Colin Healy ‘25
In a historic rout, Team USA knocked off Team Europe 19-9 to win back the Ryder Cup this past weekend. Captain Steve Stricker guided the Red, White, and Blue to a victory in his home state at beautiful Whistling Straits on the shores of Lake Michigan. Delayed a year because of the pandemic, the rowdy Wisconsin crowd was out in full force for the home team, making the Europeans uncomfortable from the start. The impressive performance could be a sign of American dominance for years to come.
Before we dive into the action, I want to highlight Worcester’s unique connection to this hallowed competition. The first Ryder Cup was hosted by Worcester Country Club in 1927, a few miles up the road from College of the Holy Cross. The event has exploded in popularity since then, bringing together the world’s best from both sides of the Atlantic for an epic September duel every other year. The city we call home will always possess an important link to one of golf’s grandest stages.
94 years later, the 43rd installment of the beloved biannual matches played out. The Americans jumped out to an early lead Friday, never looking back. A loaded team on paper, the young and energetic Americans seemed no match for a flat European team. Veteran Dustin Johnson went 5-0-0, playing and winning in every possible session, while rookies Collin Morikawa and Patrick Cantlay were rock solid in their debuts. By the end of the Saturday afternoon fourball matches, the Americans were out in front 11-5. It was a comfortable enough lead for Justin Thomas and Daniel Berger to chug beers in front of the Team USA faithful.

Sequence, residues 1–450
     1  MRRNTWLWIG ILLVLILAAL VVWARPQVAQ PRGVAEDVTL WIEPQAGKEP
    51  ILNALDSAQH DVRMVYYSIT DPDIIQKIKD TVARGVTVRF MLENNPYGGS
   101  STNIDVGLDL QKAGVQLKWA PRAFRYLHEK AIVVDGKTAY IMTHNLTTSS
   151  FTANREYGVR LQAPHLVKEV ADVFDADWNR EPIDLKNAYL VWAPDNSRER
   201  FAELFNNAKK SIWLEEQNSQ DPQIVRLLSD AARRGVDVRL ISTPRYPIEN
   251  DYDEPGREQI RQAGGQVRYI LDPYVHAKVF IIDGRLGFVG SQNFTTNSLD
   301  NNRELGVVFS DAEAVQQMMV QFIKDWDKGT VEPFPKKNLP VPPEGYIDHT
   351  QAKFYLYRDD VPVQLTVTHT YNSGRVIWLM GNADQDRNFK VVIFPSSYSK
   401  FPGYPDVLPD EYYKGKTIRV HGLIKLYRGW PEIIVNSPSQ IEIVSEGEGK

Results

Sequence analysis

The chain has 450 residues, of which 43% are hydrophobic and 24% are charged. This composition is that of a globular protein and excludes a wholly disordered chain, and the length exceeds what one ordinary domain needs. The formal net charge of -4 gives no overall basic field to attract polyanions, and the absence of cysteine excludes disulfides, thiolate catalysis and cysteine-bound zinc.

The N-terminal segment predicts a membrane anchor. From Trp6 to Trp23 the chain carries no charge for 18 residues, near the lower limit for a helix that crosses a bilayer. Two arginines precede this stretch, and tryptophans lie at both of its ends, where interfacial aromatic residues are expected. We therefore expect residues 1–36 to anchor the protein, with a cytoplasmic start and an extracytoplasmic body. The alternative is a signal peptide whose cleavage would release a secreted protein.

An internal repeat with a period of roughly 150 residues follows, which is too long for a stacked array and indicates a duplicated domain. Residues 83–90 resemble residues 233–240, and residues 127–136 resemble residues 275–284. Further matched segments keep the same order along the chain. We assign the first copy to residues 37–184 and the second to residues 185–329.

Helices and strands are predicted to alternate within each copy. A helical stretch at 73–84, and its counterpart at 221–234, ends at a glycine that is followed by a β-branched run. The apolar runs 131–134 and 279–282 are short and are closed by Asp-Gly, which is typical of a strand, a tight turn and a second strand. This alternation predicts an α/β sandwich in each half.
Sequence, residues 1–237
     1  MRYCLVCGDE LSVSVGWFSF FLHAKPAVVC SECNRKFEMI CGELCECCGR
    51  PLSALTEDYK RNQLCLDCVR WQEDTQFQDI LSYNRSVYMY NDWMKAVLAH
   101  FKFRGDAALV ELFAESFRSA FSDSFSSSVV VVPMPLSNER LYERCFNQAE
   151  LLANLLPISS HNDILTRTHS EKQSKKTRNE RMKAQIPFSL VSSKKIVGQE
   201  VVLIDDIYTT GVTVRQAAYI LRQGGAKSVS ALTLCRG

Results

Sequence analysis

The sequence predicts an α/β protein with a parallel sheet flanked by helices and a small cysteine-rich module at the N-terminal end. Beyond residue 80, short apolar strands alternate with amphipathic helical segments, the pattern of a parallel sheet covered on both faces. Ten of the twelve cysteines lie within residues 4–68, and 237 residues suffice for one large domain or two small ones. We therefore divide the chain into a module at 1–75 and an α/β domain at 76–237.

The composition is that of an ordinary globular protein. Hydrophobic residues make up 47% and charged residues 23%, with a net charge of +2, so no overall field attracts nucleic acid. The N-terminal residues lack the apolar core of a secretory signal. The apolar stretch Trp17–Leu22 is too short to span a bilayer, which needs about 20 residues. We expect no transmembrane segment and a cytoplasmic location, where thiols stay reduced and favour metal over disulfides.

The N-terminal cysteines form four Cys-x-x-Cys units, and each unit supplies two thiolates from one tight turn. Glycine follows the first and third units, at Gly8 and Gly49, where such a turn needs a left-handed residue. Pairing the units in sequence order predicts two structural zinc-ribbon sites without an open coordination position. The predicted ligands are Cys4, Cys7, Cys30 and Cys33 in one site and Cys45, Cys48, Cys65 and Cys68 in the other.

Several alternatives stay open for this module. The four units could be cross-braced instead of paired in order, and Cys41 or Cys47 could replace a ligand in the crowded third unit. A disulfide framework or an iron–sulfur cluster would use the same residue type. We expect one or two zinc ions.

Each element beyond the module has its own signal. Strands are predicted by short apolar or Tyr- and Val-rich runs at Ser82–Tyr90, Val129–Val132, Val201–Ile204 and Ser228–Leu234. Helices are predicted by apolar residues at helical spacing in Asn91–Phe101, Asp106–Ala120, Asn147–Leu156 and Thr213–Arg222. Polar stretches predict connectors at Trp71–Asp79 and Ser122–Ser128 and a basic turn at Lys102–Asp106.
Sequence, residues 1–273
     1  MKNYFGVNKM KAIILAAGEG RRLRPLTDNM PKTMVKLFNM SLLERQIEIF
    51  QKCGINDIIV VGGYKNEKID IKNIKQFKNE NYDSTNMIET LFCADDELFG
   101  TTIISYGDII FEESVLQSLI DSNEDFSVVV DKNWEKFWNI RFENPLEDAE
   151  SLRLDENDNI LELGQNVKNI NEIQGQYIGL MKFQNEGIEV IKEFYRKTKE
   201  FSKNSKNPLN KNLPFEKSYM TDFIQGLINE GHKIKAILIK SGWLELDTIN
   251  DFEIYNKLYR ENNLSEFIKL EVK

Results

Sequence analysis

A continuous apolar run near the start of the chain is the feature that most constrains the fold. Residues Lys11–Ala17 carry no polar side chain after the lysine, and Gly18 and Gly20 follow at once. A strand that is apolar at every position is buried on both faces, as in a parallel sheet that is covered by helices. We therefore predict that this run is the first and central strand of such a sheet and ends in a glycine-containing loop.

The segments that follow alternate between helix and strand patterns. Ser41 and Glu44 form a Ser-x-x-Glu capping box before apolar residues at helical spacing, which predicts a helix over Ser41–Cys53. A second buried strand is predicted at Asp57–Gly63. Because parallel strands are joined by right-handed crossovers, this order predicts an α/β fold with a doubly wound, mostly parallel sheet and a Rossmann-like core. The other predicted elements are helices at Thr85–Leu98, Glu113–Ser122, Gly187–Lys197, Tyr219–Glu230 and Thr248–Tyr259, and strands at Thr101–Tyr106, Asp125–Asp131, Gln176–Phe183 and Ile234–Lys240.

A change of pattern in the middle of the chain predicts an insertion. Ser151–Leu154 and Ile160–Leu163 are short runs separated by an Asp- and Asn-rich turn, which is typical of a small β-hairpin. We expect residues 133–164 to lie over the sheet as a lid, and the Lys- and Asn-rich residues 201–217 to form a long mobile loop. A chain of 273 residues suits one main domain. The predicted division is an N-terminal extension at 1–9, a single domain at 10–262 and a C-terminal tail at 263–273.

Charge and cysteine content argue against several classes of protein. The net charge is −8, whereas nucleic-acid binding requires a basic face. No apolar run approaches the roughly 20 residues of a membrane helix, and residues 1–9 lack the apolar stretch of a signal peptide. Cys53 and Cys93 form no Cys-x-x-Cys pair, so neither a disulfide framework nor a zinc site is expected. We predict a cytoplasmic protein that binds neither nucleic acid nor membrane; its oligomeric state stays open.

Stricker’s young core held their own against Captain Padraig Harrington’s veteran European squad. Opting for experience, Harrington ended up on the receiving end of the widest margin of victory in the modern era of the Cup. Stalwarts like England’s Lee Westwood and Ian Poulter were largely neutralized, the only exception being their respective victories in Sunday singles. Both of the aging stars were emotional in the post round press conference of what very well could be their last appearances.
The blowout has left many, including myself, wondering if a new era has dawned for America in the Ryder Cup. Europe has long relied on veterans and experience, but time has caught up with the squad from across the pond. The likes of a prime Rory McIlroy, emerging star Viktor Hovland, and World #1 Jon Rahm will be around for many years to come, but the lack of a stable lineup will have Europe scrambling to match the Americans when the Cup moves to Rome in 2023.
Until then, we’ll all have to deal with the post-Ryder Cup hangover and blues. Like an emotional McIlroy said in his post-round interview on Sunday with NBC, this is the best event in golf for players and fans alike. Evidently, enough to make grown men cry. I can’t wait for the next one. See you in 2023, Rory.